Maui Coronavirus Updates

COVID-19 Cluster on Kaua‘i Prompts Caution From DOH

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Hawaii DOH

The Hawai‘i Department of Health is issuing guidance to a Kaua‘i church and its congregation saying there is an “imminent health threat posed by a large cluster of COVID-19 cases.”

The DOH is encouraging congregants of King’s Chapel, Kauaʻi, in Nāwiliwili to participate in virtual services and avoid in-person church activities until the cluster is contained. 

The DOH says people who attended events hosted by King’s Chapel Nāwiliwili on or after Oct. 31, especially youth group activities, are encouraged to get tested for COVID-19. “They should closely monitor themselves for symptoms including fever, cough, runny nose, sore throat or loss of taste or smell. If symptoms develop, they are advised to self-quarantine and seek medical consultation,” according to the DOH advisory.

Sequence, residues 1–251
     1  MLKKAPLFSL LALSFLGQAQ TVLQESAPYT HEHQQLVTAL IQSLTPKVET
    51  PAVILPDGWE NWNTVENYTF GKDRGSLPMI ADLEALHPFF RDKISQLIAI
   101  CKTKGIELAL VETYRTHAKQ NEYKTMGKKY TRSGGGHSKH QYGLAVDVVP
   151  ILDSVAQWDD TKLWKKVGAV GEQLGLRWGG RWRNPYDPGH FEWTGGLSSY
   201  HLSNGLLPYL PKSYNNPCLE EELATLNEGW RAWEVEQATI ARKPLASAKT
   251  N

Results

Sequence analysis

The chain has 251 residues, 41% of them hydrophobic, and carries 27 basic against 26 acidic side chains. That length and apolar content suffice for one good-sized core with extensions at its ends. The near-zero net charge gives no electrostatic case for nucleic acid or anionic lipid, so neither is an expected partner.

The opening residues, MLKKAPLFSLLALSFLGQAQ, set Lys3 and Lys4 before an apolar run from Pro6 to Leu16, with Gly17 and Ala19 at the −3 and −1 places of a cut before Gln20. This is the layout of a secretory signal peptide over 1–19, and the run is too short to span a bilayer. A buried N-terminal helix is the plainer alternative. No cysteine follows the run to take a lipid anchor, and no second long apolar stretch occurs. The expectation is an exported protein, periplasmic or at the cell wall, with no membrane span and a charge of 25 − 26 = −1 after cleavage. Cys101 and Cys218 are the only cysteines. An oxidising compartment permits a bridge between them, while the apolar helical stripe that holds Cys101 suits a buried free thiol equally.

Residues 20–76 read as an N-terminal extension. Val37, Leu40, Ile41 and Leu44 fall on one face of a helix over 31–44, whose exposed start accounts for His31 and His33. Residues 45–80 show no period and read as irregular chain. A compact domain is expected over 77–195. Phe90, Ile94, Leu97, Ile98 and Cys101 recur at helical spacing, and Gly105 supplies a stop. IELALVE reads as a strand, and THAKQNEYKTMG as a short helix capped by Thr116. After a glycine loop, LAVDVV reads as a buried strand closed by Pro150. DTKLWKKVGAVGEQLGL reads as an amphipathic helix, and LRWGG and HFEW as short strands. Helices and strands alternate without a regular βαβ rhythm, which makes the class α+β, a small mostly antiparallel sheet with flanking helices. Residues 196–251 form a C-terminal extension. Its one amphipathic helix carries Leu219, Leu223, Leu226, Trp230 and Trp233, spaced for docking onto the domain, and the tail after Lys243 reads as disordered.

King’s Chapel Nāwiliwili hosted a “Trunk or Treat” event on Oct. 31 for Halloween. “Anyone who attended this event—especially anyone who was un-masked or who interacted for 15 minutes or more with others—should get tested,” the DOH reports.

COVID cases associated with King’s Chapel were identified as a cluster on Nov. 8, with cases dating back at least as far as Oct. 31. DOH has worked with affected individuals, families and with church representatives to recommend containment measures including isolation, quarantine, switching to virtual services and other prevention measures. The cluster has increased from 16 cases when first detected, to 36 COVID-19 cases as of Nov. 12, including four secondary cases in household contacts. More cases are expected to be identified as the investigation and testing continue.  

Those infected range from under two years of age to over 60 years of age. This spread indicates transmission beyond the immediate King’s Chapel community.  


“DOH discloses cluster locations when there is an imminent risk to public health. Based on the findings of our investigation, we believe disclosure is warranted to prevent further transmission of the disease,” said State Epidemiologist Dr. Sarah Kemble. 

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